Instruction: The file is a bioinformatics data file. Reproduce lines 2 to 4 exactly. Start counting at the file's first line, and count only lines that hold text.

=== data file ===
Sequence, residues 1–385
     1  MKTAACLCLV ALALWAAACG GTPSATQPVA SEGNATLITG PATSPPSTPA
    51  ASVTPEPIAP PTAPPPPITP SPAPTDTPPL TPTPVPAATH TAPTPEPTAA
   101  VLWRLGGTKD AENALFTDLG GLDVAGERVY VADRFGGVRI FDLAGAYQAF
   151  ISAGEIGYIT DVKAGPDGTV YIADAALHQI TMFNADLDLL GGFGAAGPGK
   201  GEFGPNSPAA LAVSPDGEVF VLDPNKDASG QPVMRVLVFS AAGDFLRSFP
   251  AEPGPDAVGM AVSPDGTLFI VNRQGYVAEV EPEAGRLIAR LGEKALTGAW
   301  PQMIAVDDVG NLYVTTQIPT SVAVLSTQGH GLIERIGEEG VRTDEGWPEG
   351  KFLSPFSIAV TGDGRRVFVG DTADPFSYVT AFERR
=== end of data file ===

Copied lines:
     1  MKTAACLCLV ALALWAAACG GTPSATQPVA SEGNATLITG PATSPPSTPA
    51  ASVTPEPIAP PTAPPPPITP SPAPTDTPPL TPTPVPAATH TAPTPEPTAA
   101  VLWRLGGTKD AENALFTDLG GLDVAGERVY VADRFGGVRI FDLAGAYQAF